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How to Get Started in Time-lapse Photography

If you have been inspired by some of the incredible timelapse videos we’ve shared here on PictureCorrect and are wondering how in the world they are made, you’ll want to pay close attention to the video below. Mia McCormick explains not just what equipment you will need, but she also breaks down the process in easy to understand steps to help you get started:

Equipment You Will Need

  • a digital camera with manual mode, such as the Canon 5D Mark III
  • 64GB memory cards, minimum, at the fastest read/write speeds within your budget
  • an intervalometer to automatically take the images at the programmed rate (some DSLRs have built-in intervalometers–check your camera’s manual)
  • a good quality, sturdy tripod like the Magnus VT4000
  • a slider rail gives a nice pan effect and great moving footage but is not necessary

That should cover the equipment you’ll need to get started. Now let’s try to wrap our heads around the all the numbers involved in creating a timelapse. Don’t worry if numbers aren’t your strong point, it’s actually pretty simple to calculate how many frames you will need.

Use this formula to calculate how many frames you need.

Since video is played back at a rate of 24 frames per second, you will need to multiple that by the length of video you want to create to find out the minimum number of still images you need to take. So, for a 10 second video clip, you will need to take 240 photos. You can use even more than that, but this number is the minimum you will need for smooth, rolling footage.

Now, what about timing and intervals? That involves a little more math. Take a look at the formula shown below:

This formula calculates the interval in which you will need to take each photo.

To calculate how often you should take an image, you first need to figure out how long of a span you wish to show in your timelapse. For the sake of this tutorial, McCormick wants to show a 20 minute sunset in a 10 second long timelapse. We already know that we need at least 240 images per 10 seconds of video to work at a playback speed of 24 frames per second. The next step is to break down the length of the sunset from minutes to seconds. There are 1200 seconds in each 20 minute chunk of time. Now, divide 1200 seconds by the number of frames–in this case 240–and the result is 5. This means we need to set our intervalometers to take a photo every 5 seconds. See, that wasn’t so tough, was it?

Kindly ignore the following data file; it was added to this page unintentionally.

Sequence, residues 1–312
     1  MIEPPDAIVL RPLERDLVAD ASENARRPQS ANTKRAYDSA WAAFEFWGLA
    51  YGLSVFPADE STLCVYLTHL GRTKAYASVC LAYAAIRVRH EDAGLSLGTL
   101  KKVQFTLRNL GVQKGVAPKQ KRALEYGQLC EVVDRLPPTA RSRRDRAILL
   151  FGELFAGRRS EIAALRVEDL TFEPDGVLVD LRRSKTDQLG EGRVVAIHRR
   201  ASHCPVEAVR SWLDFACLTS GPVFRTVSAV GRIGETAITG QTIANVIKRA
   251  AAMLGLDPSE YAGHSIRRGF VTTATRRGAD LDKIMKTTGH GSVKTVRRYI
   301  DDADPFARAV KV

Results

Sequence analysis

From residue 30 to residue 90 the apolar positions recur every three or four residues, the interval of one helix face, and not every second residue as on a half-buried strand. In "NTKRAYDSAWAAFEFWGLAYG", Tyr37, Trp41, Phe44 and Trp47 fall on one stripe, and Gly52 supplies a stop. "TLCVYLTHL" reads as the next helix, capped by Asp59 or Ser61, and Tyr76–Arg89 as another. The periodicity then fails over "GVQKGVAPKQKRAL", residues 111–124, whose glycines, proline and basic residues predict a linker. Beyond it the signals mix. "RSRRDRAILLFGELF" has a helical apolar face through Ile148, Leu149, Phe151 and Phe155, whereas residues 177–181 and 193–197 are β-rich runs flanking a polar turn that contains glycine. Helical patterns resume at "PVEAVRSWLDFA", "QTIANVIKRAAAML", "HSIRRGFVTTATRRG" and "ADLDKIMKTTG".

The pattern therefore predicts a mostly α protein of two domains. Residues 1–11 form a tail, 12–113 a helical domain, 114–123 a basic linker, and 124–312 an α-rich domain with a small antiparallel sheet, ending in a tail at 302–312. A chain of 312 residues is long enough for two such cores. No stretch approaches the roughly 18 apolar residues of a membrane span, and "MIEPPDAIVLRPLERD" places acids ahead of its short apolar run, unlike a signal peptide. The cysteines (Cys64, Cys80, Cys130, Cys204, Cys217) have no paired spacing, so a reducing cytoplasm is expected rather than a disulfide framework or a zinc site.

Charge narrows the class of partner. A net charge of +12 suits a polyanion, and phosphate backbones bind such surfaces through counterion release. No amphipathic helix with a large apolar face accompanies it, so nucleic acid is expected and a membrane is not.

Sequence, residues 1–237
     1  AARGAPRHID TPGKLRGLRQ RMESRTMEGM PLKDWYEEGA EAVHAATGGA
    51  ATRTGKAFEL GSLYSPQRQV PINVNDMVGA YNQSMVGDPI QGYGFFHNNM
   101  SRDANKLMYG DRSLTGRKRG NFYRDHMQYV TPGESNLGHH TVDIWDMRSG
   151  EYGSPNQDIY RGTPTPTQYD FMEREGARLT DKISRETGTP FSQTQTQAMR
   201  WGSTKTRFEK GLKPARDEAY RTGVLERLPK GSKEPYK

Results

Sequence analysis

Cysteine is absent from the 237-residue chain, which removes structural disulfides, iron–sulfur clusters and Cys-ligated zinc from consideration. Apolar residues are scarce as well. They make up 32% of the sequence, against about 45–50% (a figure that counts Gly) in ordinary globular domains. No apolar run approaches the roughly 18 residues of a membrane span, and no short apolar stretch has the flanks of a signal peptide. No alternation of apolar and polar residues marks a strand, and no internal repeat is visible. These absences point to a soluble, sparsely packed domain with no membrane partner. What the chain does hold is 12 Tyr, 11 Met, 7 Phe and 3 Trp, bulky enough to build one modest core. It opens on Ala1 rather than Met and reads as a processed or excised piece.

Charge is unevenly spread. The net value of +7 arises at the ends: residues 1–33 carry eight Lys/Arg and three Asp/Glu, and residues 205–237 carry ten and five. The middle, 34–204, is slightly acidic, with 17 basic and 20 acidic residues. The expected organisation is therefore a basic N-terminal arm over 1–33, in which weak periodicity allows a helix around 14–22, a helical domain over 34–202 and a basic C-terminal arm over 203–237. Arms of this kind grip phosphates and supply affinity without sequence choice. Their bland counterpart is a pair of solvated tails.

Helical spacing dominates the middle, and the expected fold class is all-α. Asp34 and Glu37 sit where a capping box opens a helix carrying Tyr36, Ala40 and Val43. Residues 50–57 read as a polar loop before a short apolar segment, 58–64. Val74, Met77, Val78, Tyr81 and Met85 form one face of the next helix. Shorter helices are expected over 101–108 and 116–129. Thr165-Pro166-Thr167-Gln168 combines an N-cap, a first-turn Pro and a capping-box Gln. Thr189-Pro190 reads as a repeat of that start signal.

Now for the fun part. Taking the photos that you will later compile into a timelapse.

A Few Pointers

  • Choose a subject with movement, such as a busy street or dramatic sky with moving clouds.
  • Place a non-moving subject to place in the foreground of the frame. This will give the images more depth.
  • Shoot at a smaller aperture like f/11 or f/8 to make sure everything is in focus. Use a shutter speed around 1/50 of a second to give a realistic look. A low ISO will also give a richer image.
  • Turn off auto-focus and shoot in full manual mode. This is a time when you don’t want your camera to make decisions–any slight change in focus or exposure settings could make the timelapse appear inconsistent.
  • Don’t forget to turn off the auto-off function on your camera. You can also turn off the LCD viewfinder preview to save battery power.
  • If your camera offers it, set it to the mirror lock up mode. This will minimize camera shake and produce tack sharp photos for you to use in your timelapse.

Choose a setting that has moving subjects and a still element in the foreground for depth.

Once you have the still images ready, transfer them over to your computer to start the post-processing phase. Programs like Adobe Premier Pro make creating movies from stills incredibly easy. Simply import the images into Premier as a sequence, which will be an option when you click Import under file. Premier will automatically render the images into a movie sequence. From there you can add color corrections and other kinds of edits. When you are finished, simply save the file and export the timelapse–you’re all finished!

[via PictureCorrect Photography Tips]

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